Dark Side of the Tune: Popular Music and Violence

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Routledge, Jul 5, 2017 - Music - 254 pages
Written against the academically dominant but simplistic romanticization of popular music as a positive force, this book focuses on the 'dark side' of the subject. It is a pioneering examination of the ways in which popular music has been deployed in association with violence, ranging from what appears to be an incidental relationship, to one in which music is explicitly applied as an instrument of violence. A preliminary overview of the physiological and cognitive foundations of sounding/hearing which are distinctive within the sensorium, discloses in particular their potential for organic and psychic violence. The study then elaborates working definitions of key terms (including the vexed idea of the 'popular') for the purposes of this investigation, and provides a historical survey of examples of the nexus between music and violence, from (pre)Biblical times to the late nineteenth century. The second half of the book concentrates on the modern era, marked in this case by the emergence of technologies by which music can be electronically augmented, generated, and disseminated, beginning with the advent of sound recording from the 1870s, and proceeding to audio-internet and other contemporary audio-technologies. Johnson and Cloonan argue that these technologies have transformed the potential of music to mediate cultural confrontations from the local to the global, particularly through violence. The authors present a taxonomy of case histories in the connection between popular music and violence, through increasingly intense forms of that relationship, culminating in the topical examples of music and torture, including those in Bosnia, Darfur, and by US forces in Iraq and Guant mo Bay. This, however, is not simply a succession of data, but an argumentative synthesis. Thus, the final section debates the implications of this nexus both for popular music studies itself, and also in cultural policy and regulation, the ethics of citizenship, and arguments about human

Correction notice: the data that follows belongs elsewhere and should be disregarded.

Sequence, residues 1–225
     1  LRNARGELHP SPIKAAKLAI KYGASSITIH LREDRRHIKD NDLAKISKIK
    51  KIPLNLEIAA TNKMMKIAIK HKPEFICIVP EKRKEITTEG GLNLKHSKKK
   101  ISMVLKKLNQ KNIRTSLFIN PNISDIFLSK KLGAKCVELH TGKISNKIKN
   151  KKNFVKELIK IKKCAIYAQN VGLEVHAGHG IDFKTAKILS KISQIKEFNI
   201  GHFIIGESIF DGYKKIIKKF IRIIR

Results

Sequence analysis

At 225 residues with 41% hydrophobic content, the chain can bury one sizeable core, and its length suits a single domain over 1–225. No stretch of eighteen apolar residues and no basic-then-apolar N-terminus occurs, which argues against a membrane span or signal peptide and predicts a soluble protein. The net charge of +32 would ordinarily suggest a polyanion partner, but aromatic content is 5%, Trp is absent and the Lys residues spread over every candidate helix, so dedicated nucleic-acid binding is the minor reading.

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Contents

Musical Violence and Popular Music Studies
1
The Sound of Music
13
2 Music and Violence in History
31
3 Technologized Sonority
49
4 Music Accompanying Violence
65
5 Music and Incitement to Violence
95
6 Music and Arousal to Violence
123
7 Music as Violence
147
8 Policy
161
Select Bibliography
195
Index
223
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